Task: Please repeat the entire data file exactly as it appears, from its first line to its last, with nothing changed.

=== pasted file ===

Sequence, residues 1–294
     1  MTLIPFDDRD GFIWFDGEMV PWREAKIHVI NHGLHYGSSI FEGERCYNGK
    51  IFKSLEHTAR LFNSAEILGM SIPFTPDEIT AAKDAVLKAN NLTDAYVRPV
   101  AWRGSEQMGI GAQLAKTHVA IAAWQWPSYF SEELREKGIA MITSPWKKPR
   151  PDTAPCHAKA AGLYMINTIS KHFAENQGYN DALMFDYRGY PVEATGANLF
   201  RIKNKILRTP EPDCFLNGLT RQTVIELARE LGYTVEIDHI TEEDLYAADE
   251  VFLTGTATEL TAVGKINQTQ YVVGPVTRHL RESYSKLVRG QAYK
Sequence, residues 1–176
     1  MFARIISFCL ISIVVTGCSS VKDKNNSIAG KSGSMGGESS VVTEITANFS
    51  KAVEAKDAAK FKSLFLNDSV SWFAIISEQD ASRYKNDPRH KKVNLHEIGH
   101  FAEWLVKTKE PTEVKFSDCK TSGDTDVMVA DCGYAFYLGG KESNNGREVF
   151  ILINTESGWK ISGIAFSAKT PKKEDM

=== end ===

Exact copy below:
Sequence, residues 1–294
     1  MTLIPFDDRD GFIWFDGEMV PWREAKIHVI NHGLHYGSSI FEGERCYNGK
    51  IFKSLEHTAR LFNSAEILGM SIPFTPDEIT AAKDAVLKAN NLTDAYVRPV
   101  AWRGSEQMGI GAQLAKTHVA IAAWQWPSYF SEELREKGIA MITSPWKKPR
   151  PDTAPCHAKA AGLYMINTIS KHFAENQGYN DALMFDYRGY PVEATGANLF
   201  RIKNKILRTP EPDCFLNGLT RQTVIELARE LGYTVEIDHI TEEDLYAADE
   251  VFLTGTATEL TAVGKINQTQ YVVGPVTRHL RESYSKLVRG QAYK
Sequence, residues 1–176
     1  MFARIISFCL ISIVVTGCSS VKDKNNSIAG KSGSMGGESS VVTEITANFS
    51  KAVEAKDAAK FKSLFLNDSV SWFAIISEQD ASRYKNDPRH KKVNLHEIGH
   101  FAEWLVKTKE PTEVKFSDCK TSGDTDVMVA DCGYAFYLGG KESNNGREVF
   151  ILINTESGWK ISGIAFSAKT PKKEDM